View Full Version : Does fixing change the coat?

20th November 2006, 07:02 PM
Hi all,

I have a question about when to spay your Cav. We are definitely going to be fixing our little girl, Remi, but one of the breeders we talked to said that while vets will want you to spay asap (6 months old), fixing your cav that early could drastically change their coat. Has anyone had this happen? Cavaliers have such a lovely coat, I would hate for it to get all thick and matted after spaying, but I don't know that I want to wait for a year and have a dog in heat. :? Any advice would be greatly appreciated!

We're picking up our little girl on Dec 7th and cannot wait!!! :drivecar:

20th November 2006, 10:52 PM
There are lots of superstitions amongst breeders about what causes some dogs to have a cottony coat and they greatly vary in their opinoons. Some say that spaying and neutering can affect the coat in some dogs -- but I know breeders who say it doesn;t have much effect -- more important is that often people overfeed spayed and neutered cavaliers so that they get fat, and fat dogs tend to get cottony coats; also they say trimming a dog's coat often causes it to grow back curly, fluffy and cottony. Also some cavaliers just seem to have the genes to get a more cottony coat.

Almost every cavalier I have seen with a cottony coat -- intact or neutered -- is fat or has been trimmed, usually both. My two boys neutered two years ago still have the silky coats they always had (never trimmed). My female who has been spayed has a cottony coat on her back where it is also coming out but it is nice and silky on the sides. She was just groomed (and had her coat thinned), and the groomers thought her cottony coat is her soft puppy coat that she is shedding. Whatever the case, she is losing it, and a sleeker coat is coming in. She was also grossly obese when I got her out of the pound in late May, and now has lost a third of her body weight, so that could also be a big factor!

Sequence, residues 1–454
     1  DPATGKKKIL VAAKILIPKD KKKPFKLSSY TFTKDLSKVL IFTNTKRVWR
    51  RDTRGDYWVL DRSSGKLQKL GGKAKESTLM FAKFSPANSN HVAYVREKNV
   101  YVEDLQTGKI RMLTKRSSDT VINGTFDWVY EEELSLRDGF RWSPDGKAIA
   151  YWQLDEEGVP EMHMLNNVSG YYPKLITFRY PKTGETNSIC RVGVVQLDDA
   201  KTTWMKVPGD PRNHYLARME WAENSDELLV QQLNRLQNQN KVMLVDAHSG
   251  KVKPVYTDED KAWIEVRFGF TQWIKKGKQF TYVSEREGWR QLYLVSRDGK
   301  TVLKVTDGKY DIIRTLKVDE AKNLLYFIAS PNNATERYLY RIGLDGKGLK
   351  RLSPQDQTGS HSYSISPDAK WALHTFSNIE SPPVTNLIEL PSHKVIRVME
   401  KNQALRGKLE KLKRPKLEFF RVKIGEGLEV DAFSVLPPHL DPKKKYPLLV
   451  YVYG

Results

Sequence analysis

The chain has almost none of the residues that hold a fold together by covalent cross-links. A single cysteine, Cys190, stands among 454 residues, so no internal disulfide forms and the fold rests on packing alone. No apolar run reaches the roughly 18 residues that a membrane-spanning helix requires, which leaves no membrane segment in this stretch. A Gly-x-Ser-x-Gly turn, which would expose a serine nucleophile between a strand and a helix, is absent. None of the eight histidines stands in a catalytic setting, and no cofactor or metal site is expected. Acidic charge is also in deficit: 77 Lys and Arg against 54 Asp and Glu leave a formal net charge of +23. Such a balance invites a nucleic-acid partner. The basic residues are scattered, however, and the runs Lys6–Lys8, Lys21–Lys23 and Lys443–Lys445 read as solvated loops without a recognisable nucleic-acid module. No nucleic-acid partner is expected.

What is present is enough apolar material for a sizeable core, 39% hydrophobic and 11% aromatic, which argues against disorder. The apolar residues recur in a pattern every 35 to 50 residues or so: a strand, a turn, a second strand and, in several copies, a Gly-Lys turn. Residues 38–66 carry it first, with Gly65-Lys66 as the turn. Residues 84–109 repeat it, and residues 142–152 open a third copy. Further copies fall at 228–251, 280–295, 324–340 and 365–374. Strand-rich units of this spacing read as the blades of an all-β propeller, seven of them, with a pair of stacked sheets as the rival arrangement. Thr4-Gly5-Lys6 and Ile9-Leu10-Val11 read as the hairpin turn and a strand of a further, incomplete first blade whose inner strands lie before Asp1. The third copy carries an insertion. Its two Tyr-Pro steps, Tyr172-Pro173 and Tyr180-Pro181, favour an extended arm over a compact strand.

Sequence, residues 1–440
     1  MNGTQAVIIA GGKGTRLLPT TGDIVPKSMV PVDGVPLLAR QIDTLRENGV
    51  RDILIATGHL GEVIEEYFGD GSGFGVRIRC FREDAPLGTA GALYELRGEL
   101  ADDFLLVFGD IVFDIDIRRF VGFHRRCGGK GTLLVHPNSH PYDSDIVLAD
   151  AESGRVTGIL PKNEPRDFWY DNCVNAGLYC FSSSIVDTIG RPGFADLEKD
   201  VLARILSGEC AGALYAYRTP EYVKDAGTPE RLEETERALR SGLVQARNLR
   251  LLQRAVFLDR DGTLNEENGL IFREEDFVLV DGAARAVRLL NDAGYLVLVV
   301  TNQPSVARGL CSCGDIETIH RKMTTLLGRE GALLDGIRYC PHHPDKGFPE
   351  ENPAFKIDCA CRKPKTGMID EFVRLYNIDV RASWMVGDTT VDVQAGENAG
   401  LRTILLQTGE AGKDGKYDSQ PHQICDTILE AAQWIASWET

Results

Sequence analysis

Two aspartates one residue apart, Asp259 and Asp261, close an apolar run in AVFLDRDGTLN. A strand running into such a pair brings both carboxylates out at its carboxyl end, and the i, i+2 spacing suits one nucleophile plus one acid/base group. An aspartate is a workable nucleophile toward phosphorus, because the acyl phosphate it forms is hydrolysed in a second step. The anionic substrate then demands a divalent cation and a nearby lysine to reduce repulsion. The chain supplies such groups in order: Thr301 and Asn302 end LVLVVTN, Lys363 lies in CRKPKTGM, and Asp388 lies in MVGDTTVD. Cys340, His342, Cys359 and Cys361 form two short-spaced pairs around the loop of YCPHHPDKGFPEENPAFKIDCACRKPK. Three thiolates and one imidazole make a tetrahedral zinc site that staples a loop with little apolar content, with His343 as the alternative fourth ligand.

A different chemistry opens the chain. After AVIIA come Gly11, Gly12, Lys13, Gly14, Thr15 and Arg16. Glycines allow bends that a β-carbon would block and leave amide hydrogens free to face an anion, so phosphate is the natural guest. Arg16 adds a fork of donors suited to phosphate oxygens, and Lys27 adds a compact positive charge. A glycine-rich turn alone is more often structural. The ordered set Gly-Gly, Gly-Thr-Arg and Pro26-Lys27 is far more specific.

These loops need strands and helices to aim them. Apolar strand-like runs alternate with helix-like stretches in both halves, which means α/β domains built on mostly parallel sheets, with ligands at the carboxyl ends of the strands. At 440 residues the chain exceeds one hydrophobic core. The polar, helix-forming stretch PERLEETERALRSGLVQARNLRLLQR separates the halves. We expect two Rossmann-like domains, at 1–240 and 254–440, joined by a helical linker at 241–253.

The main issue is that there are health benefits to spaying before the first heat; and you personally are not really wanting a dog to go through a heat or perhaps two before she can be spayed at a year-ish.

The coat changes are so minor and don't even seem to affect many dogs that I'd never consider it a rerason not to spay or neuter or to delay spaying or neutering. Some like to wait until they reach adult size before neutering but I have seen no convincing evidence of any real difference in waiting or not waiting.

I'd go with whatever you feel comfortable with. BTW I know people who have had cavaliers neutered at age 5 or 6 who say they still get a cottony coat sometimes then so I don't think waiting til a year is going to make any difference at all. Again, those neutered at an older age have tended to gain weight as people don't cut back the calorries to adjust for the lower metabolism after spaying/neutering, and hence, those dogs I've seen are overweight.

So that's not really a definive answer; I've just introduced more uncertainty! :lol: But my own opinion is: I think cottony coats are more due to 1) dogs being overweight and 2) genes. And -- there are many finishing sprays and conditioners that will get the coar to lie flat and shiny making this hardly noticeable.

molly+charlies mum
21st November 2006, 02:11 PM
ive had molly done and also had her hair cut and her caot is not nice it is thick, curly and dry i wish i hadnt had her groomed the first time as her coat grows so fast im not shaw if it was the spaying that changed her coat or the cut i was told haveing her done dosent help it and she is not overweight at 8kg.....

21st November 2006, 02:25 PM
i only have one spayed girl her coat is much thicker than the others my vet said its the hormoan change from no longer having seasons ....luckily she isn't too over weight i keep her food to a minimum ...i do all my own grooming so i can feel a thinning scissors morning approaching ;)

a good pruduct for dryness is Chris Christensen silk spirits :flwr:

22nd November 2006, 08:41 PM
Thanks for the answers! Especially Karlin for taking the time to get so detailed. I guess at this point we'll plan on getting her spayed around 6 months - seems the best option for her health, which is more important than a little fluff in her coat. :D

23rd November 2006, 03:51 AM
Well I had King trimmed down back in March http://static.flickr.com/56/171643756_d756b5a4fe_m_d.jpg (this is not him but a picture of what I wanted him to look like) After I just let his fur come back to full length...Which it came back longer and fuller then ever... http://static.flickr.com/83/262660584_cc632bd1be_d.jpg This is him on his bday on Oct 6th

I just love the long fluffy coat my lil baby has... Man I could brag about King all day long :lol: but don't wanna take up this whole page to do so

23rd November 2006, 02:52 PM
Ah gone on you can brag.. :D